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You’re excellent

How do you motivate Christians to serve God more?

Do you paint a picture of need?

We are short of helpers in this programme. If you don’t sign up, we’ll have to close it down. That would be a pity because there are so many people we are trying to reach and help!

That may work with some people, but it will leave many feeling flat. The uncommitted will just switch off, while the committed will feel guilty for not doing more. Those struggling with their own challenges will feel burdened and helpless.

So perhaps it’s better to ditch the guilt trip for something different.

What about a compelling vision?

This programme has seen lives transformed and we want to see more of that. If you sign up, God will do great things through your service and you’ll really enjoy it!

That might motivate some extra people to step up, but they may well drop out when they discover it’s hard work and the fruit is not as low hanging as you made out. Beating people with the stick of ‘You’re not doing enough’ and dangling the carrot of ‘It’ll all be great fun all the time’ are not the best ways to motivate people.

There is a third strategy.

It is the approach the apostle Paul takes in 2 Corinthians as he seeks to motivate the believers in Corinth to give towards the needs of the church in Jerusalem.

But since you excel in everything—in faith, in speech, in knowledge, in complete earnestness and in the love we have kindled in you—see that you also excel in this grace of giving.

2 Cor 8.7

Now, if your mind is as suspicious as mine, you may imagine a sarcastic tone in Paul’s words. But he was no twenty-first century cynic. He didn’t move in the British and Irish cultural milieu of irony and sarcasm. I think we should take Paul’s words as sincere. He honestly commends the Corinthian Christians for the qualities he lists here. And he does so after their response to his instructions in his previous letter(s).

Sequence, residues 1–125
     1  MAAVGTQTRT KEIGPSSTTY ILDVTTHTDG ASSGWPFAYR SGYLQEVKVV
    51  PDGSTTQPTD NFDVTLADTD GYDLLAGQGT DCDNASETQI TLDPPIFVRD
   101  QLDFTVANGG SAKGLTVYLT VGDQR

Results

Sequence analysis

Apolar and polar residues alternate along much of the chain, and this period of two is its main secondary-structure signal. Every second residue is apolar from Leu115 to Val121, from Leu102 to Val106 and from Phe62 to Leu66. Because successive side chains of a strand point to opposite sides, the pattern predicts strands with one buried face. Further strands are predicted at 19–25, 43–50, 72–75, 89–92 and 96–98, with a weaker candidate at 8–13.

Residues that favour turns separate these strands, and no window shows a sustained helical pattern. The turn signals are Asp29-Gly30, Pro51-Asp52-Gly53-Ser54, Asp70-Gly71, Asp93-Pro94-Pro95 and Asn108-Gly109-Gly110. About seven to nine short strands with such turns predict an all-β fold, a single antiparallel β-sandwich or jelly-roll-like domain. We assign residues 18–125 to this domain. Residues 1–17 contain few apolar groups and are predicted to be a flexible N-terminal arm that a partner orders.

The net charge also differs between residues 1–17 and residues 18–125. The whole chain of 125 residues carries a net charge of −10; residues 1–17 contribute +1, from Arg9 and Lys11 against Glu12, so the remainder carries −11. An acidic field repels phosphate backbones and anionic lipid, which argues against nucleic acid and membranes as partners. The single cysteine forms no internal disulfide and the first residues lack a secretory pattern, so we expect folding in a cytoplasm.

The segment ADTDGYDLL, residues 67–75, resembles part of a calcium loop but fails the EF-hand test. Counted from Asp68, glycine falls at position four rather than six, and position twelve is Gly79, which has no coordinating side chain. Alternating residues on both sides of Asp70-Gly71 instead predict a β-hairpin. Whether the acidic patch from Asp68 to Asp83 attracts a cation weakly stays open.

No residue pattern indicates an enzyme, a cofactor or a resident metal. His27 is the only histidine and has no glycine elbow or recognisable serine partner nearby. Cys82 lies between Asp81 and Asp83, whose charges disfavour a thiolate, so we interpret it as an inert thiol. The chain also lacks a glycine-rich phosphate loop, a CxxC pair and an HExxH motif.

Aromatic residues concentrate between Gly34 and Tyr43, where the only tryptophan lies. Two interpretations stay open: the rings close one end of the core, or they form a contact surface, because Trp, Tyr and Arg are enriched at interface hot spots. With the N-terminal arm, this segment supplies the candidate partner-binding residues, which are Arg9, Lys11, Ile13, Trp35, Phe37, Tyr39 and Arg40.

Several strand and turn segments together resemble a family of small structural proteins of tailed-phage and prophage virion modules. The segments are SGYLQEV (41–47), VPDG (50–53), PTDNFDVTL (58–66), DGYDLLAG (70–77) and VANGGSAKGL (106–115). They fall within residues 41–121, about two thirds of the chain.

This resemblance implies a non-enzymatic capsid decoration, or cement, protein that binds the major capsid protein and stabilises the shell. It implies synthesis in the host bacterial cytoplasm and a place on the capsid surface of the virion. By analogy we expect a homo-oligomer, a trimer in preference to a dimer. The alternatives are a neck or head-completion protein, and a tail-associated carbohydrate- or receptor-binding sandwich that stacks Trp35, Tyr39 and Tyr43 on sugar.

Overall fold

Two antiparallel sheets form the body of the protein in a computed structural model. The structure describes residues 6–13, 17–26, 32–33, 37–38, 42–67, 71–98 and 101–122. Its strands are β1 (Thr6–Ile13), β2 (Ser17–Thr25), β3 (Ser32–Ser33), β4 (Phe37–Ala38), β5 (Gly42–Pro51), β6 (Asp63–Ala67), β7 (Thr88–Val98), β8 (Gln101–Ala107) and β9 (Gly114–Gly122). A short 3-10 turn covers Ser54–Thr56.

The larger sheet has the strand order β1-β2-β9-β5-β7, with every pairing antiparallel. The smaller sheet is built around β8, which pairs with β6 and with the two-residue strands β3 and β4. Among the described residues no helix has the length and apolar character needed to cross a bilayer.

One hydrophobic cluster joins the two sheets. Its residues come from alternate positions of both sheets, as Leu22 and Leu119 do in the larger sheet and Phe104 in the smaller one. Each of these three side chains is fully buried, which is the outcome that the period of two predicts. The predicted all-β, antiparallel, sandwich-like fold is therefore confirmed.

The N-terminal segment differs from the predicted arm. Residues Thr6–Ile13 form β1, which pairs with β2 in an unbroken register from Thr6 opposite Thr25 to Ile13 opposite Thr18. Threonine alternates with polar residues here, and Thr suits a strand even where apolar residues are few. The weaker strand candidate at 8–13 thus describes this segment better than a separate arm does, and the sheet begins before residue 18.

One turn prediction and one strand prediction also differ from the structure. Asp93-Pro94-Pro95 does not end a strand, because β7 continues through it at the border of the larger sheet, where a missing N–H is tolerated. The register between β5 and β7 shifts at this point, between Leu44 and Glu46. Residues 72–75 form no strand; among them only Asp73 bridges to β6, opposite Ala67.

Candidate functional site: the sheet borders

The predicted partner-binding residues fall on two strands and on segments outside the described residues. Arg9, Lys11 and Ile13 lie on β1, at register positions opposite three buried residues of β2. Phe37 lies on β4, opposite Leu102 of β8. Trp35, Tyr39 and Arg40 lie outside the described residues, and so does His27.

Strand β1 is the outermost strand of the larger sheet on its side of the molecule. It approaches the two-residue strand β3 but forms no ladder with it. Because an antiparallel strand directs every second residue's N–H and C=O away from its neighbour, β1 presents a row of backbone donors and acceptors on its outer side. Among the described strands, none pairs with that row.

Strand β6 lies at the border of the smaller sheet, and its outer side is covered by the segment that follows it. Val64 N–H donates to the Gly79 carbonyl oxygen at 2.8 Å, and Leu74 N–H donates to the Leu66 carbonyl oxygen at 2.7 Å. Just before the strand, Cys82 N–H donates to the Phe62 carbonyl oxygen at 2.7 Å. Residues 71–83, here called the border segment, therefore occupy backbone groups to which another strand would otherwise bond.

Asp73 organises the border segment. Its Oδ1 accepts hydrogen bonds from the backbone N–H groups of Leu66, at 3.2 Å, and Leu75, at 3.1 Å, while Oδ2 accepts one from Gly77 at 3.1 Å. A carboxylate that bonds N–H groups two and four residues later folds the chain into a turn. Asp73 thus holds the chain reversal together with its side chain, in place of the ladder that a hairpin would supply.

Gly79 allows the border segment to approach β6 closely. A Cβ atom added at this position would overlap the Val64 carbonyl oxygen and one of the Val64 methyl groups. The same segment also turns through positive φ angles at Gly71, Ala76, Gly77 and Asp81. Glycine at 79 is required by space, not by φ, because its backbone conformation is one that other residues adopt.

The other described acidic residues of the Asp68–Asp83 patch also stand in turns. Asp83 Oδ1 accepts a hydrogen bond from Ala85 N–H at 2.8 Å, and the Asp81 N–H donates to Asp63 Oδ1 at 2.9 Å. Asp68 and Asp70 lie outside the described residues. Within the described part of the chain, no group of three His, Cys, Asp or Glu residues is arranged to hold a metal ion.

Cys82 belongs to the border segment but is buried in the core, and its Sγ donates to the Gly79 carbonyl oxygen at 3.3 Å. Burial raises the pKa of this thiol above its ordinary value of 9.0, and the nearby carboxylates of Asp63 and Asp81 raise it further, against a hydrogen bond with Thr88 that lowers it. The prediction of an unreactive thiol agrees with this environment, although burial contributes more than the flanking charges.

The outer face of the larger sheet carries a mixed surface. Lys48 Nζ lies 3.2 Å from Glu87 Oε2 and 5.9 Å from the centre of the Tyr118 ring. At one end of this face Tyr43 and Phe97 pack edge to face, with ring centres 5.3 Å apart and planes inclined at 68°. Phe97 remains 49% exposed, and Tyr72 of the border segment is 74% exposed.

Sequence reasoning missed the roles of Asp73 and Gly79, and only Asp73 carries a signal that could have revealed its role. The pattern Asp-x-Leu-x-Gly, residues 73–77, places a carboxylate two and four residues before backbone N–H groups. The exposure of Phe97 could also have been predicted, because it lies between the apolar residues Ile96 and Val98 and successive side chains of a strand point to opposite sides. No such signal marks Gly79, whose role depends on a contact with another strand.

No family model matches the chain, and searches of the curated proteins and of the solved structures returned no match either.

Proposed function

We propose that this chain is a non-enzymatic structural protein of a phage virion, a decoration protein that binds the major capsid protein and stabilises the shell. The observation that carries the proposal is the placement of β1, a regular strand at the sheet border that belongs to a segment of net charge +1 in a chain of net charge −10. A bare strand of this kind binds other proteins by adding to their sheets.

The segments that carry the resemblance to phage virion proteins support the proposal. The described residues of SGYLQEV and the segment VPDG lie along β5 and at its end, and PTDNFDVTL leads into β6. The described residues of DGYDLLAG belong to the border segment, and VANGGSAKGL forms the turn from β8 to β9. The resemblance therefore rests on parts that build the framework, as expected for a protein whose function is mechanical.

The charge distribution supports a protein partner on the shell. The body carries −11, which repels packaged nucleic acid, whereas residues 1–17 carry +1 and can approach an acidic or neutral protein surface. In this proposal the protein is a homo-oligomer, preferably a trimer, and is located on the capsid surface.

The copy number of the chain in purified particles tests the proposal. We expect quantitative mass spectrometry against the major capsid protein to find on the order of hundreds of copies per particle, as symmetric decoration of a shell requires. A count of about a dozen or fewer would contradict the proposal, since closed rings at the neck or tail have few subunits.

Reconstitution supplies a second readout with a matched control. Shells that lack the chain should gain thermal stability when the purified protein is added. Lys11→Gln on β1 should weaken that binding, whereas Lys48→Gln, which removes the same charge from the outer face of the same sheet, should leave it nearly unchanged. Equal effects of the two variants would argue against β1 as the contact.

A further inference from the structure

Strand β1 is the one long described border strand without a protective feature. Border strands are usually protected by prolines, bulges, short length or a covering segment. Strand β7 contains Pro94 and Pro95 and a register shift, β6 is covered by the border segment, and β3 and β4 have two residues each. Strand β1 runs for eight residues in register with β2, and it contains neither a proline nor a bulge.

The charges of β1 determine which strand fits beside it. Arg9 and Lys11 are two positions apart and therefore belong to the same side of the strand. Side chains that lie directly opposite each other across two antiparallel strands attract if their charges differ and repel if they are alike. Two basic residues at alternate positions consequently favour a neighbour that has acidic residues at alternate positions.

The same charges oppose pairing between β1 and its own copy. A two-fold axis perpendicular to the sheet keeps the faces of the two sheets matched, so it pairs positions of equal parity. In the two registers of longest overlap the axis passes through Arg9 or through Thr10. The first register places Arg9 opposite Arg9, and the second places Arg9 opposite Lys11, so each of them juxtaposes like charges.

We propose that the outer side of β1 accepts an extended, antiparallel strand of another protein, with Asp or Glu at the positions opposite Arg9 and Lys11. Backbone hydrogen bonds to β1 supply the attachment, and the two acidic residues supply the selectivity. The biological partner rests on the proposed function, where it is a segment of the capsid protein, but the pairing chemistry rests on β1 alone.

This church had been proud of its faith and knowledge. In 1 Corinthians 13, Paul had to challenge them not to neglect the more significant virtue of love. But now he has evidence of their genuine love for him, not least in their obedience to his teaching (see 2 Cor 7). They have made real progress.

Like a good parent or teacher, Paul shows us how to encourage well. He uses encouragement as motivation. He does not say, ‘You could do better’, or ‘So far so good, but what about giving?’. Instead, he says, ‘You’re doing well in so many ways, I know you can do this too!’ He has faith in them, or rather in what God will do in them.

Encouragement is powerful.

I was reminded of that recently when a brother in Christ asked me to help him get a book on encouragement back in print. It’s by the late Derick Bingham. In a time of personal discouragement, this brother lifted his copy off the shelf and began reading. As his spirit was lifted by Derick’s encouraging insights, he became convinced that others needed to hear them. I was invited to work with him to bring the book to press [i]. As I edited it, I remembered the encouragement Derick gave me as a young man starting out in ministry. His words were gold, but the time he spent listening to me over coffee was like diamonds.

Marcus Honeysett, my colleague and the founder of Living Leadership, often quotes a saying he received from the late Nigel Lee: